Body temperature dips for the period between approximately 2:00pm and 5:00pm. Just as we feel more awake when body temperature is rising, we feel sleepy when it’s falling. So if you’ve ever felt your energy dropping somewhere between 2-ish and 5-ish, don’t worry – you’re perfectly normal. It’s the human rhythm. After our midday meal, body energy – in the form of blood flow and oxygenation – is rerouted to digestion. The result is that we feel tired.

Body Temperature Decreases Before Sleep

At around 4:00 to 6:00 PM body temperature starts to rise again and most people feel their energy returning. Around nine o’clock, body temperature begins another downward trend in preparation for sleep. Sleep research reveals that we cannot fall asleep soundly unless temperature is dropping. Recall that the act of eating raises body temperature. A big meal before bed could therefore interfere with your slumber.

Unfortunately, most Americans have it backward. We tend to do a small to nonexistent breakfast, a moderate sized lunch, and a big dinner before bed. And this is exactly what you ought to do if your goal is restless sleep and weight gain.

Mind Body Nutrition tells us that if you want to get the ultimate metabolic benefit of eating, don’t eat your most substantial and nutrient-dense meal when your digestion is on a downturn in the late evening hours. Experimenting and playing with meal timing is a wonderful nutritional experiment. It’s time to let your meals match up with your body’s periods of hottest metabolic potential, and see what happens.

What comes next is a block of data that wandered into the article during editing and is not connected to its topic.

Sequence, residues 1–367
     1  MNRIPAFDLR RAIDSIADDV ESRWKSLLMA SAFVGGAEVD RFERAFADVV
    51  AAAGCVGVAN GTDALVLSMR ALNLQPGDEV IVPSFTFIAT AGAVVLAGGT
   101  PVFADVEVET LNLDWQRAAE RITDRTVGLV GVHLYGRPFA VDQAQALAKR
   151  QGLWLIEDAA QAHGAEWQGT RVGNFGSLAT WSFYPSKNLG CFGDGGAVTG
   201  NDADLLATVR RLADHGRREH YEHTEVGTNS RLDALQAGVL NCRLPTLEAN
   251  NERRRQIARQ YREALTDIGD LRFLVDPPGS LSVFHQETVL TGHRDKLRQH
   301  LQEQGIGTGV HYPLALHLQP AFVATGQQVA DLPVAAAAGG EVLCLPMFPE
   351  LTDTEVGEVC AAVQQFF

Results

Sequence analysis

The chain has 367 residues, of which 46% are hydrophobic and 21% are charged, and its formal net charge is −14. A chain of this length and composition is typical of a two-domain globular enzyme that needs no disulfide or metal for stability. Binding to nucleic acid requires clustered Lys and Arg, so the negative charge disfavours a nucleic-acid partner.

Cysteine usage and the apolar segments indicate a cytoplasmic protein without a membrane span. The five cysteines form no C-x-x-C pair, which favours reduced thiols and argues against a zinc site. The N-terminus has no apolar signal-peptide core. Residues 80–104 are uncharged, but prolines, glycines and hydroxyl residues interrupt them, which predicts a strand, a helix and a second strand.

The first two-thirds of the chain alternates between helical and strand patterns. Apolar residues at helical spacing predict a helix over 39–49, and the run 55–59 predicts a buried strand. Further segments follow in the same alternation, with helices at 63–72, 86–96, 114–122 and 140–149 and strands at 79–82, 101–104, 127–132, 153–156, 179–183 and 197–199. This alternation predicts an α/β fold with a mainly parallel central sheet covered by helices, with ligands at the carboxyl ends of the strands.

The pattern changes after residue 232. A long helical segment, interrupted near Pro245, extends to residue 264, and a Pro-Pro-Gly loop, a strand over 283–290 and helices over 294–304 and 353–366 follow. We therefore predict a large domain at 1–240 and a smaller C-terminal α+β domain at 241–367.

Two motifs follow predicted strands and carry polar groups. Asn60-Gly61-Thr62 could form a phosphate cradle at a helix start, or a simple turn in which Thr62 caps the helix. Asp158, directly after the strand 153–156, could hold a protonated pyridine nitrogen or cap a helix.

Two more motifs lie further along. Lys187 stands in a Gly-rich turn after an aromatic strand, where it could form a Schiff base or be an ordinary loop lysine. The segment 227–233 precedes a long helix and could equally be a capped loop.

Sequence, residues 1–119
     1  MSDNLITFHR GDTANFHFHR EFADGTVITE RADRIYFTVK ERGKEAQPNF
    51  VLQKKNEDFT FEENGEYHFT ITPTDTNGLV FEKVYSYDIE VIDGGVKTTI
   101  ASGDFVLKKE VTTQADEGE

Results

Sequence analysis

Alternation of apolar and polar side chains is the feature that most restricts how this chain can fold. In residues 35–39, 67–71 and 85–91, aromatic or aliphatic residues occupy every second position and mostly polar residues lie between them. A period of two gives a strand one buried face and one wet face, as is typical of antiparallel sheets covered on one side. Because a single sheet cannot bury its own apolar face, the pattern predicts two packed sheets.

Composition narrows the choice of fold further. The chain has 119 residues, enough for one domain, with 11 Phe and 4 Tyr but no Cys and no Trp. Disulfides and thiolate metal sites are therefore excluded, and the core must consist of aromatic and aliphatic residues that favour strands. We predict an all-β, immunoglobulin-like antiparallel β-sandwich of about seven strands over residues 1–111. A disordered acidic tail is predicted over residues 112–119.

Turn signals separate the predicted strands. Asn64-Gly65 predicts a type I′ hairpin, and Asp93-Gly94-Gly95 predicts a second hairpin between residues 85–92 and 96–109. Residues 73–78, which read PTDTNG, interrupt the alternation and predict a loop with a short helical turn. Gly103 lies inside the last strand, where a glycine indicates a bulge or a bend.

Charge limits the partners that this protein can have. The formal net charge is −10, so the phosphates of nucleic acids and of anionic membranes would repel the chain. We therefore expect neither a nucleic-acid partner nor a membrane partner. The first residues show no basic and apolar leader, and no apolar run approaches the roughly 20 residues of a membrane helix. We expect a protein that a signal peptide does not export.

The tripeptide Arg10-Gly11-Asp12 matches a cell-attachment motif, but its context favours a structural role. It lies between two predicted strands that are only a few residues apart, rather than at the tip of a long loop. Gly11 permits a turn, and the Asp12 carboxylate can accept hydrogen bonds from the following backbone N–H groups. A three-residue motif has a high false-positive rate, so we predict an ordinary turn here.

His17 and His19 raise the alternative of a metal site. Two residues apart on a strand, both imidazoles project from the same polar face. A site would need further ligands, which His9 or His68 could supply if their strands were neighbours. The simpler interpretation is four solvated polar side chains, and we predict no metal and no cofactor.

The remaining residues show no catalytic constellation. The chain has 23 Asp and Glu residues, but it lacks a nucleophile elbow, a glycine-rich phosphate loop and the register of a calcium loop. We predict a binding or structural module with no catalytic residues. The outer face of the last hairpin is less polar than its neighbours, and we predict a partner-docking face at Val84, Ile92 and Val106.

I hope this was helpful.

Warmly,

Emily Rosen

To learn more about the breakthrough body of work we teach here at the Institute for the Psychology of Eating, please sign up for our free video training series at ipe.tips. You’ll learn about the cutting-edge principles of Dynamic Eating Psychology and Mind Body Nutrition that have helped millions forever transform their relationship with food, body, and health. Lastly, we want to make sure you’re aware of our two premier offerings. Our Eating Psychology Coach Certification Training is an 8 month distance learning program that you can take from anywhere in the world to launch a new career or to augment an already existing health practice. And Transform Your Relationship with Food is our 8 week online program for anyone looking to take a big leap forward with food and body.

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About The Author
Emily Rosen
CEO

Emily Rosen is the Director of the Institute for the Psychology of Eating, where she oversees business development strategies, student affairs, marketing and public relations in addition to her role as Senior Teacher. With an extensive and varied background in nutritional science, counseling, natural foods, the culinary arts, conscious sex education, mind body practices, business management and marketing, Emily brings a unique skill-set to her role at the Institute. She has also been a long-term director and administrator for Weight Loss Camps and Programs serving teens and adults and has held the position of Executive Chef at various retreat centers. Her passion for health and transformation has provided her the opportunity to teach, counsel, manage, and be at the forefront of the new wave of professionals who are changing the way we understand the science and psychology of eating and sexuality. Emily is also co -founder of the Institute for Conscious Sexuality and Relationship.